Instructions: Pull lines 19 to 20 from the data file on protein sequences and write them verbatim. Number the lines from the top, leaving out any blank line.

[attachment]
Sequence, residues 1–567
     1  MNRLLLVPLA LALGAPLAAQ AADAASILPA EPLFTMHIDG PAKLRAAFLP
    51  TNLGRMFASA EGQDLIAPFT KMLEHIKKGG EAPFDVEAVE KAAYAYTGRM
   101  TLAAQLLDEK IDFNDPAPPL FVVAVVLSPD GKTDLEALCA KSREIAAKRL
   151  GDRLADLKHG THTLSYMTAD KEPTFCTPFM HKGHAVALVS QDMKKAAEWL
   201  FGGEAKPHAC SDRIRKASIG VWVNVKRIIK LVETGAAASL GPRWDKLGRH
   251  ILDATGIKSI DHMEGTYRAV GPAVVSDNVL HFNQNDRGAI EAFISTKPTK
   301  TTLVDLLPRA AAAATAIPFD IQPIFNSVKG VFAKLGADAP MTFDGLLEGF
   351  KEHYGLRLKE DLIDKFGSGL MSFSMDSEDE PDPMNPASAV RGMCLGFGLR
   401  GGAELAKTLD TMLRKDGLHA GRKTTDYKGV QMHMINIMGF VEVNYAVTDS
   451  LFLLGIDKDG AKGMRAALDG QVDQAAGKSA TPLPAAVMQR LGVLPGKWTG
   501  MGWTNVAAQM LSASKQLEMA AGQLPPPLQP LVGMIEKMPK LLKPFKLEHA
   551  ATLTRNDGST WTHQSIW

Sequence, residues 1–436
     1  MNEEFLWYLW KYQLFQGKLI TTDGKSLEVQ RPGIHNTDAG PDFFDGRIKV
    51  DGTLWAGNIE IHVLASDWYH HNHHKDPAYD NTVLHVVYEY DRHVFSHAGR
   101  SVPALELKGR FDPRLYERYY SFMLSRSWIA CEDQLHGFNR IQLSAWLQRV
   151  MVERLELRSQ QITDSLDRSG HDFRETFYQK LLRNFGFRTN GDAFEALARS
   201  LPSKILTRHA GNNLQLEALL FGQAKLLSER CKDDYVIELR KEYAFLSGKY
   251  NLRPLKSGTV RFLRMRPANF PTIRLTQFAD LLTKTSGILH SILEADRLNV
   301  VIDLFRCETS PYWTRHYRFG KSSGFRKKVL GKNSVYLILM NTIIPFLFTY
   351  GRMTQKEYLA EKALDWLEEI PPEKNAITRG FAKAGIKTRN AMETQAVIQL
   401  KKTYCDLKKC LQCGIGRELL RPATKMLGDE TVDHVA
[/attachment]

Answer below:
   201  LPSKILTRHA GNNLQLEALL FGQAKLLSER CKDDYVIELR KEYAFLSGKY
   251  NLRPLKSGTV RFLRMRPANF PTIRLTQFAD LLTKTSGILH SILEADRLNV